Although iron has been included or tolerated in certain relatively large amounts in known nickel base alloys, the present invention recognizes that iron tends to form deleterious phases. Therefore, it is preferred that no iron be present although slight adjustment such as in the solid solutionstrengthening elements can be made to tolerate small amounts of Fe.
Boron is included within the range of 0.005-0.02 percent for its beneficial effect on rupture strength and ductility. The
that just alloy including boron below that level is weak, whereas too high a boron content results in the formation of excessive borides leading to incipient melting on over temperature exposure.
It has been recognized in evaluation of the present invention that the elements Cb and Ta are not substitutes for W and Mo. It is believed that about half of the Cb or Ta goes into gamma prime formation, such as Ni (Al, Ti Cb, Ta), and to carbides. Both deplete the matrix and are undesirable in the balanced alloy defined by the present invention. Both can lead to the formation of sigma phase.
These unusual aspects of the present invention will be more clearly understood from the following detailed examples typical of alloys melted in the evaluation of the alloy of the present invention. The alloys were melted by the commercial vacuummelting techniques widely used in the preparation of nickel base alloys. Heats ranging in size from about 12 pounds to 7 about 1,000 pounds have been made, the latter being made on alloys within the range of the present invention. Test specimens were prepared either by casting directly from the melting furnace into precision casting specimen molds or by remelting and casting previously prepared alloy ingots.
The alloy forms representative of those melted within the scope of the present invention are shown in the following table TABLE 1 [Composition in weight percent] Alloy includes 0.0140.016% B; 0.03%I Zr, balancev Ni and incidental C Or M0 W Ti Al Other alloys made and tested during the evaluation of the alloy of the present invention include those shown in the following tabie 11, outside the scope of the present invention.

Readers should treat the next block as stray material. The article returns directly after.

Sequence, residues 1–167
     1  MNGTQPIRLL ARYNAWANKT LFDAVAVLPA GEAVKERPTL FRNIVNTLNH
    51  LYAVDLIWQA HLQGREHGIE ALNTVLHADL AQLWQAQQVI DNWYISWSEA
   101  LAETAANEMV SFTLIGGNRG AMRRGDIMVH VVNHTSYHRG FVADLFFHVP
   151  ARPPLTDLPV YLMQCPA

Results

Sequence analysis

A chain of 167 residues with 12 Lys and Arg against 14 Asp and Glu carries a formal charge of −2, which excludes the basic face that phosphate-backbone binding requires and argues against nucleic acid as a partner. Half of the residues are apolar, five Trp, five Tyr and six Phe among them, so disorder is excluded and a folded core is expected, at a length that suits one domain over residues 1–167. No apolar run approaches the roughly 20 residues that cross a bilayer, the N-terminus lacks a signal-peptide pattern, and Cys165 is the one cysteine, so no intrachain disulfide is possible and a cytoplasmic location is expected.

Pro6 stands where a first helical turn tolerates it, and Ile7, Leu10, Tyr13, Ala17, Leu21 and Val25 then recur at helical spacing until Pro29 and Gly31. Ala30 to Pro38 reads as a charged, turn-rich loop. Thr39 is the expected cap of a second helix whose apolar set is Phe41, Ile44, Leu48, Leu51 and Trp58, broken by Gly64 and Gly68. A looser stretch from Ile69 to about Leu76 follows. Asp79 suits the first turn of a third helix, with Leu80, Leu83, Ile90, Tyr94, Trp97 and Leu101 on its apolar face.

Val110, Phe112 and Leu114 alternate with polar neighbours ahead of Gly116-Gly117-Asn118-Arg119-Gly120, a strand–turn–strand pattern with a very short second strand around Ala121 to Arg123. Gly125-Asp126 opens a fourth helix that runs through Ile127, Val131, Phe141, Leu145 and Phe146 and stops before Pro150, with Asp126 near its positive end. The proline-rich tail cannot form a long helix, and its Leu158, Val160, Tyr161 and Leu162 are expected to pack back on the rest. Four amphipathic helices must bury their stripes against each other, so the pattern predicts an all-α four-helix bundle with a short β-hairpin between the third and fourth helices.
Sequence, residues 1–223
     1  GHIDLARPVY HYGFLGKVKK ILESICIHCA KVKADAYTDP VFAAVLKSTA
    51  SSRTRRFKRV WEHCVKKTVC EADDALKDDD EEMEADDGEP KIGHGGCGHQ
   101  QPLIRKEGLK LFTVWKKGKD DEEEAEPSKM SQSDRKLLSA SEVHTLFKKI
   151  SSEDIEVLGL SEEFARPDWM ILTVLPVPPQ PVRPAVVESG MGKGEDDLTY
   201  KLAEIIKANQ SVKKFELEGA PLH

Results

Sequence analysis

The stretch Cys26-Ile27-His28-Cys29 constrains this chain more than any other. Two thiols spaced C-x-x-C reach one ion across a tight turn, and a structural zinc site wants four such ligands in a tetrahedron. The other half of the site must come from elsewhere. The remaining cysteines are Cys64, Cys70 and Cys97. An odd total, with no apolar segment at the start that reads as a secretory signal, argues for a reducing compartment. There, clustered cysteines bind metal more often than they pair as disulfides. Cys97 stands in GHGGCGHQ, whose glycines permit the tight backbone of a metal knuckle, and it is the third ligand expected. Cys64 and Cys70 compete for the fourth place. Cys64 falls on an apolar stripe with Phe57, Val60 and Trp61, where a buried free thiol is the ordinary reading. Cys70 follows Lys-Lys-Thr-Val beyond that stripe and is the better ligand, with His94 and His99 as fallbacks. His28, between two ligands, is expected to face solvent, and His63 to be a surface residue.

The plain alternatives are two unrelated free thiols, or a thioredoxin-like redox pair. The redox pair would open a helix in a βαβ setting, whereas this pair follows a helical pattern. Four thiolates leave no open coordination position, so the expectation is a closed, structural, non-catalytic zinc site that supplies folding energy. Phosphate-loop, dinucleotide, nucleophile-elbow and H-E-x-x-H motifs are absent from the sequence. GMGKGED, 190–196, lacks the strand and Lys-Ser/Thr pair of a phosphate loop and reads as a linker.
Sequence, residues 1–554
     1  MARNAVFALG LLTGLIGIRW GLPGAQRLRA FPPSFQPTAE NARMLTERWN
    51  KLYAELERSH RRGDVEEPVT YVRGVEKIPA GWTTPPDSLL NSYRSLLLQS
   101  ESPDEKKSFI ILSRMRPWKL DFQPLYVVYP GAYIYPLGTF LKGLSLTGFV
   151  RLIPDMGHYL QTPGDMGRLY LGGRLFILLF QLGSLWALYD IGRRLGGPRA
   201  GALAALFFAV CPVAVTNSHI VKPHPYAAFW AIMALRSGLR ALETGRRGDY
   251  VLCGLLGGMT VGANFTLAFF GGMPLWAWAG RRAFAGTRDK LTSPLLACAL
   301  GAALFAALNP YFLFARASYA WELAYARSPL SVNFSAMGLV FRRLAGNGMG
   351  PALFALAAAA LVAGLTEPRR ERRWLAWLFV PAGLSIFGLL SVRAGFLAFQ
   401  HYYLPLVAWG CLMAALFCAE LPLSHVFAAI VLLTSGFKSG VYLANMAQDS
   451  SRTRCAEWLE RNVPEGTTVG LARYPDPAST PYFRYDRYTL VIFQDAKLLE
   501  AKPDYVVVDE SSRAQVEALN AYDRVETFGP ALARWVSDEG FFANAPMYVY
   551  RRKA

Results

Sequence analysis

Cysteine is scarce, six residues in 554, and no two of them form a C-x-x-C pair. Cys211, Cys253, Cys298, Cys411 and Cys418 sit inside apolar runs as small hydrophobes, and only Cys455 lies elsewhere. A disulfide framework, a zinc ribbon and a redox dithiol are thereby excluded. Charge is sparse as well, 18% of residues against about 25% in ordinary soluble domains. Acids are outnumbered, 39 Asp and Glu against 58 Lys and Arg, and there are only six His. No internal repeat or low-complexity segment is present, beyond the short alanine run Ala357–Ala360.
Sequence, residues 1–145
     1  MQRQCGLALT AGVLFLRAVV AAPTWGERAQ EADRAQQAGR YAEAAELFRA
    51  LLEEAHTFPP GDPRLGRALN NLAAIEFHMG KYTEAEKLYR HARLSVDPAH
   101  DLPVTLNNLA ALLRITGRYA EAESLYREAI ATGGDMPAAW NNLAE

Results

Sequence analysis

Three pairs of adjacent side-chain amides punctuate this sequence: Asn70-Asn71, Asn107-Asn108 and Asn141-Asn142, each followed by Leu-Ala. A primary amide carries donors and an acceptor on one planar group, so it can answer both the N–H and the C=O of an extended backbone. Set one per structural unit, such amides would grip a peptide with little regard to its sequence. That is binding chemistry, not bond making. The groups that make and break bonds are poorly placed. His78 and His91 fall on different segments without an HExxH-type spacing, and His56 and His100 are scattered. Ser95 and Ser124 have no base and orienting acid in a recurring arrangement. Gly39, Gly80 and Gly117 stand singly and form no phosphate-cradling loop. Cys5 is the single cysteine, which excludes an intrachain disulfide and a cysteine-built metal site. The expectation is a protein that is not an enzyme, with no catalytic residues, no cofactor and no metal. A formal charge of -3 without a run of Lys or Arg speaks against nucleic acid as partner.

TABLE II [Composition in weight percent] grain boundary M C carbides. Then when all the available carbon is thus reacted, it appears that excessive chromium in the matrix combines with such elements as Co, Mo, etc. to form a Cr-Co-Mo type sigma. Long time stability testing such as at 1,500 F. at a stress of 55,000 p.s.i. identifies the strength-reducing nature of sigma phase. The terminal nature of such sigma phase has been reported by Boesch and Slaney in Metals Progress, July 1964, pages 109-11 1.
'Although sigma phase may be removed by heat treatment, it will recur when the alloy experiences the same time and temperature conditions under which sigma was originally formed. The alloy of the present invention identifies a different kind of alloy which inhibits original sigma phase formation and results in the improved combination of higher temperature strength and stability along with hot corrosion resistance as a result of a different surface reaction product.
In order to understand more fully the present invention and its individual components as they affect the strength and stability of the alloy of the present invention, the following tables have been prepared. These compare the alloy forms both within and outside the scope of the present invention, as shown in full compositions in tables 1 and II. The element content referred to in the tables as well as throughout this specification is in weight percent and the term "ksi refers to thousands of pounds per square inch.
TABLE III As-cast stress rupture life (hrs) Element variation, 1,500 F./ 1,800 F./ Wt. percent 65 K 5.1. 27.5 K 5.1. Sigma 000 230 None. 5G0 481 Do. 10.0 C0 744 49 Do. 12.3 C0 896 50 Do. 15.0 00 836 33 Small 1513 Gr 58G 38 Large 13.9 Cr 744 49 None 13.0 Cr 588 30 Do 0.08 C 512 Small 0.18 C 896 None. 8 0.26 C 670 43 Do.
Heat treated: 2,200 F. 2 hrs.; 2,000 F.-4 hrs.; 1,550 F.-16 hrs.; 1,400 F.10 hrs.